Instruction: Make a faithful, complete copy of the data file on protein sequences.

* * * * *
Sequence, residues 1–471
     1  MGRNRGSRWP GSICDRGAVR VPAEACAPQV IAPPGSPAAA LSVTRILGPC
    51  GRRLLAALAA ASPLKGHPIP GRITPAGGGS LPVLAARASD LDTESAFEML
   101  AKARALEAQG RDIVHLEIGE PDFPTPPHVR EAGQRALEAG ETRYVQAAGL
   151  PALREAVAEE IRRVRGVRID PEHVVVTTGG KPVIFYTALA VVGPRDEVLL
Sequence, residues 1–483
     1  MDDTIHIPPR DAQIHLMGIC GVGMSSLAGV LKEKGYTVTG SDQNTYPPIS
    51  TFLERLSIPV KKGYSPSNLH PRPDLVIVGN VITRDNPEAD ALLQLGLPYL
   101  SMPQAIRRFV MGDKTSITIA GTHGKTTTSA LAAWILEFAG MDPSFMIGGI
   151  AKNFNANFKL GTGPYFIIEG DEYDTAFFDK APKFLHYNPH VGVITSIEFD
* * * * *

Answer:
Sequence, residues 1–471
     1  MGRNRGSRWP GSICDRGAVR VPAEACAPQV IAPPGSPAAA LSVTRILGPC
    51  GRRLLAALAA ASPLKGHPIP GRITPAGGGS LPVLAARASD LDTESAFEML
   101  AKARALEAQG RDIVHLEIGE PDFPTPPHVR EAGQRALEAG ETRYVQAAGL
   151  PALREAVAEE IRRVRGVRID PEHVVVTTGG KPVIFYTALA VVGPRDEVLL
Sequence, residues 1–483
     1  MDDTIHIPPR DAQIHLMGIC GVGMSSLAGV LKEKGYTVTG SDQNTYPPIS
    51  TFLERLSIPV KKGYSPSNLH PRPDLVIVGN VITRDNPEAD ALLQLGLPYL
   101  SMPQAIRRFV MGDKTSITIA GTHGKTTTSA LAAWILEFAG MDPSFMIGGI
   151  AKNFNANFKL GTGPYFIIEG DEYDTAFFDK APKFLHYNPH VGVITSIEFD